Coming out was no easy swing for 22-year-old Notre Dame tennis star Matt Dooley. But not because he was worried about what his teammates or coach would think.
‘‘It’s internal homophobia,’’ he said. ‘‘Often time it’s more of what you think of yourself.’’
But for Dooley it’s been an inspiring journey from his attempted suicide a year ago to where he is today.
“That day I wanted nothing more than to escape the anguish of coming out to my family, my friends, and, in a way, myself. Death was better than accepting – or revealing – that I was gay,” he recently wrote in a first-person piece for Outsports.
For nearly seven weeks to follow he isolated himself from the world, paralyzed by fear — fear of his true self, of his future and of how he would fit into the world. His Catholic church-going upbringing and military family (not to mention his attendance at the fairly conservative Christian Notre Dame) confused matters even more.
But he had a breakthrough when he was finally able to reach out to those around him, and it was their support and love — from family and close friends — that began to shift his own sense of self.
“[I've] learned to value myself and accept my sexuality as something that’s neither good nor evil, but is just an essential part of who I am. I’ve learned to respect myself and expect it from others. I have learned to trust again and, maybe most importantly, I’ve realized that I am not alone. There are others just like me, combatting the same fear of abandonment and worthlessness every single day.”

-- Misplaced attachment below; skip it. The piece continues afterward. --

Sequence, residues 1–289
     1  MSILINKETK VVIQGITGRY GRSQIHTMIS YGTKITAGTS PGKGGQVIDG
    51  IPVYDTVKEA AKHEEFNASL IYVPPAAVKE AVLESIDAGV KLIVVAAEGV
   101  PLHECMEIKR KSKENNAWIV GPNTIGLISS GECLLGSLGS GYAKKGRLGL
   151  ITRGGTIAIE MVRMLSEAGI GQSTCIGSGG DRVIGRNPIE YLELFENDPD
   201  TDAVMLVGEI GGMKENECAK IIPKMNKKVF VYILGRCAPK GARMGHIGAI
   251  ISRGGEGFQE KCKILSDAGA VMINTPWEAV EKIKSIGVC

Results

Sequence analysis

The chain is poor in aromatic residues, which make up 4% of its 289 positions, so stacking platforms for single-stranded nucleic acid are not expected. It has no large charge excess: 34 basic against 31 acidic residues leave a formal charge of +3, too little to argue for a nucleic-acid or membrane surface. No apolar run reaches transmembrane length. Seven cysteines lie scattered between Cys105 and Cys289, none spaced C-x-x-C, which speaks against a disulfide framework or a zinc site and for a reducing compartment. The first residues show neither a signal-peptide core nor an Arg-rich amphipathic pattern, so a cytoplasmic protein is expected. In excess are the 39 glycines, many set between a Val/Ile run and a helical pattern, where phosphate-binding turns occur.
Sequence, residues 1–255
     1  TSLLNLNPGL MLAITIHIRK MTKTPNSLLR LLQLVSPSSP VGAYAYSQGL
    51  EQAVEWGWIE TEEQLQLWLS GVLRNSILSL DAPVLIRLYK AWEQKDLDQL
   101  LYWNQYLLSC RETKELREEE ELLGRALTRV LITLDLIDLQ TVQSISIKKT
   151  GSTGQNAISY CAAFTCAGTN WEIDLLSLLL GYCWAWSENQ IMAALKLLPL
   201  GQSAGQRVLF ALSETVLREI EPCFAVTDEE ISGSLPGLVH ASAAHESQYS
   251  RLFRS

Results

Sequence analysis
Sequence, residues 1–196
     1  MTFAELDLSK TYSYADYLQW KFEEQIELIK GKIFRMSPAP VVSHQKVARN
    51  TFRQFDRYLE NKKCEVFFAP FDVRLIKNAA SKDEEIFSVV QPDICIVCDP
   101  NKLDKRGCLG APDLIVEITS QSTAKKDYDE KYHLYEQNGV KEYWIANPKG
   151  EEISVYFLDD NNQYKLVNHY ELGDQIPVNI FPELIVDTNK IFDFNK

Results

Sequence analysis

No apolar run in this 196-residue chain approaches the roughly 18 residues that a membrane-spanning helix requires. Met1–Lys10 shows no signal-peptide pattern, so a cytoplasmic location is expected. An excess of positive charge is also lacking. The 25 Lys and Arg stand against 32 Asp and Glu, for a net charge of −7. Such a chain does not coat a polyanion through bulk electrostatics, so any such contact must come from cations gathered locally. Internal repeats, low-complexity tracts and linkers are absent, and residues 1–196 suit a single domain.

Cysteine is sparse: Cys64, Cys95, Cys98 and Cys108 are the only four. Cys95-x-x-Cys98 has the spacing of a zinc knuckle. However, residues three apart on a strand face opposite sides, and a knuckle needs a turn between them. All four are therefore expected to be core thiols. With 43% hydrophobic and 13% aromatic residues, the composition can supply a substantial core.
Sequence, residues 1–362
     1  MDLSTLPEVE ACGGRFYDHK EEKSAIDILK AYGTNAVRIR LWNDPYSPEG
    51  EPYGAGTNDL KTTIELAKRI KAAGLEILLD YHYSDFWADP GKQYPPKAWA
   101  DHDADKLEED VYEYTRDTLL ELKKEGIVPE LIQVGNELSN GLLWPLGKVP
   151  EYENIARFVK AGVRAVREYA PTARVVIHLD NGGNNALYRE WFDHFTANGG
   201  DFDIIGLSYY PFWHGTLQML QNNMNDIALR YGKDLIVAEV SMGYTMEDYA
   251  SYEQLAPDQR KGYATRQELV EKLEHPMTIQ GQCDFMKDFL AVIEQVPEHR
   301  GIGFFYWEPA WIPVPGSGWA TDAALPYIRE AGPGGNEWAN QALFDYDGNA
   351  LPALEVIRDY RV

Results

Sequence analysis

He was finally ready to tell his other family — his teammates.
“Every single member of the team and coaching staff was extremely supportive, many echoing gratitude for my honesty and, in a way, bringing the team closer together. That day reaffirmed my strong belief that we, the athletes of Notre Dame, are truly a brotherhood.”
It goes without saying, but we love hearing stories like Matt’s, and commend him for putting his personal struggles out there for public consumption.
Because just like he said, there are others out there in his shoes, battling the same demons he finally conquered. And while we as proud gay people can be moved and inspired by his story, for those still struggling to come to terms with their sexuality — especially in athletics — Matt’s and other athletes’ stories of acceptance can truly be life changing.